You can look at these events in a number of ways. One option is to see them as representing, as Hardin says, “many of the possible stylized moves in the world of normtive regulation of social order”. That is, the film shows a kind of menu of options for the normative and legal regulation of a social order. A stronger reading, and one of the main themes of Hardin’s discussion, is to see these moves as ordered both hierarchically and temporally. Most of Qiu Ju’s decisions propel her up the ladder of Chinese society, away from informal norms and toward formal legal regulations.

Hardin suggests this can also be seen as representing a temporal transition: Chinese society as a whole is moving away from the small-scale world of face-to-face relationships to the more


and impersonal world of city life. So Qiu Ju’s journey recapitulates in miniature the development of the society as a whole, “as though she were passing through a historical development in telescoped order at almost instantaneous speed over very few months”. The ontogeny of the film recapitulates the phylogeny of Chinese society.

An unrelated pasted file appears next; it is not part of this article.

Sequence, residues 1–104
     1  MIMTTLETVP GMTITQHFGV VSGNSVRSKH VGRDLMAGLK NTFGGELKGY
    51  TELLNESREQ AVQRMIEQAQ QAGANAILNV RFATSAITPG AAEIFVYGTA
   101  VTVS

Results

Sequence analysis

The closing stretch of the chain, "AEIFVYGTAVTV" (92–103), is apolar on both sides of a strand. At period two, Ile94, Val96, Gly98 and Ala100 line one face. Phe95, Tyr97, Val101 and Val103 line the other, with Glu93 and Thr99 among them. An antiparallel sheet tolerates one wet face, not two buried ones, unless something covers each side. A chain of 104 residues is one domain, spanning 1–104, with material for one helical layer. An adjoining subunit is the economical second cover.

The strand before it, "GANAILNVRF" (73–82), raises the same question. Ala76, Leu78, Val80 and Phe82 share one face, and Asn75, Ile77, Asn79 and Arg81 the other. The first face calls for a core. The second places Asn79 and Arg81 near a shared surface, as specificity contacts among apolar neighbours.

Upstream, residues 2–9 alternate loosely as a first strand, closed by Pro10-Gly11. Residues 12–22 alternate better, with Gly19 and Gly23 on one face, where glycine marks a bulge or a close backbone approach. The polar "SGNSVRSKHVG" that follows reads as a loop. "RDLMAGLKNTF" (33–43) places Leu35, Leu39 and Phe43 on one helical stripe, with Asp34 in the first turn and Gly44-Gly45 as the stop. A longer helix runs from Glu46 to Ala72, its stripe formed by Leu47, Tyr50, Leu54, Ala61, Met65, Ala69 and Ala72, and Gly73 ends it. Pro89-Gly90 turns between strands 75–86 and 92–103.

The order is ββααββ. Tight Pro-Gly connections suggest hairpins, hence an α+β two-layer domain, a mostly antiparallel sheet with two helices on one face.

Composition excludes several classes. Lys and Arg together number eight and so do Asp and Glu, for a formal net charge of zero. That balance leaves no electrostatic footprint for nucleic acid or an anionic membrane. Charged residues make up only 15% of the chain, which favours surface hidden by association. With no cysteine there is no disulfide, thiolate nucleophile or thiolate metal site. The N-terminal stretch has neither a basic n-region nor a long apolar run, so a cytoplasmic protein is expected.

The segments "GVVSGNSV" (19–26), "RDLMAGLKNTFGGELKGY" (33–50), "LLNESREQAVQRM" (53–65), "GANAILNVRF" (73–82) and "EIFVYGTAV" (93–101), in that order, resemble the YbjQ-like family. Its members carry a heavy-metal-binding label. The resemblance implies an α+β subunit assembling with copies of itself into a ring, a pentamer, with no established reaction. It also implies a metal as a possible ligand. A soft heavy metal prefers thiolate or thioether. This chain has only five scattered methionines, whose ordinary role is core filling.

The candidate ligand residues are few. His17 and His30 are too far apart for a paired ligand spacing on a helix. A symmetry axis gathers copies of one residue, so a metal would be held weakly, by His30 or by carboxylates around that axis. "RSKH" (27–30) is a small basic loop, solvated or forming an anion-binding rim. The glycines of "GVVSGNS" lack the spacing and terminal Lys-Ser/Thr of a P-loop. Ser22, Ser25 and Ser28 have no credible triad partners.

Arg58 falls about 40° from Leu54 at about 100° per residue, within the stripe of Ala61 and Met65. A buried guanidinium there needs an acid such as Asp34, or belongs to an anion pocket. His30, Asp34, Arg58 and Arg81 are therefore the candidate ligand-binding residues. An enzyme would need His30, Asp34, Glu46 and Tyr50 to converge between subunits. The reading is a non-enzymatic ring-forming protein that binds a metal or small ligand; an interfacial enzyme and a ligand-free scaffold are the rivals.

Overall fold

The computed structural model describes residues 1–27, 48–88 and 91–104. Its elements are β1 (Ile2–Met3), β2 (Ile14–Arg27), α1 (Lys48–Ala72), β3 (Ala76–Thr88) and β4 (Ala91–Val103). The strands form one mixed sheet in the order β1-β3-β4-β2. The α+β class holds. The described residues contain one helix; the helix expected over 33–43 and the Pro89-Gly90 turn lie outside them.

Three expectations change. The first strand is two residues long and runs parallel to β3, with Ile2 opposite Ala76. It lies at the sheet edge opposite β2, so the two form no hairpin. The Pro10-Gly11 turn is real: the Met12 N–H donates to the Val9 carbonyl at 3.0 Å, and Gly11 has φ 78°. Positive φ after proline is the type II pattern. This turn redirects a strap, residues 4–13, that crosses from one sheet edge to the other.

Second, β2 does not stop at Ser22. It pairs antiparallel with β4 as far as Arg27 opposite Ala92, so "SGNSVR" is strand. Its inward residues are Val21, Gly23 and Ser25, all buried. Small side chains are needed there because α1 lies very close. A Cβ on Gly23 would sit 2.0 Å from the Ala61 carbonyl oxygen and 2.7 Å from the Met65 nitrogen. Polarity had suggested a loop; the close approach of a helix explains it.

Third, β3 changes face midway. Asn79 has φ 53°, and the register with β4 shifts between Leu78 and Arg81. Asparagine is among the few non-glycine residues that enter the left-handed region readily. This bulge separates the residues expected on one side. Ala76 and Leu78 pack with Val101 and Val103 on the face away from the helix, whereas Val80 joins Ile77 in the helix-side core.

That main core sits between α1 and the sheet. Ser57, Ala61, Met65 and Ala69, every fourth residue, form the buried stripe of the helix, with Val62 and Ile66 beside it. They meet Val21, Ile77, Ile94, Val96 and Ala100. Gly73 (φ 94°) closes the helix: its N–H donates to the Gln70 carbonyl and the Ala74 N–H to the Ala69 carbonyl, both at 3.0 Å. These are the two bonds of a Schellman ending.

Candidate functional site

Hardin does qualify this, saying that such development has usually resulted in “overlapping systems” with the local persisting in the midst of the more general.

Nevertheless, he thinks that “norms change because the structure of the society changes, and therefor the problems and the structures of interactions that must be regulated change”. The transition from the small scale and homogeneous to the large scale and differentiated “entails a transition in the very basis of practical morality away from communally enforceable norms to ingrained principles and to legally enforced constraints”—and, by implication, to norms with real moral content: a move from how the word “normative” is used in sociology (meaning whatever system of norms prevails) to its more philosophical sense (meaning principles of action grounded in a defensible moral theory).

A second theme of the paper is what I shall call the problem of restitution or rebalancing of the moral order, in the wake of a breach of some kind. To be fair to Hardin, I may be reading my own interests into the paper on this point. But it does seem to me that it illustrates some interesting aspects of the role of money, on the one hand, and the workings of generalized reciprocity or gift exchange, on the other.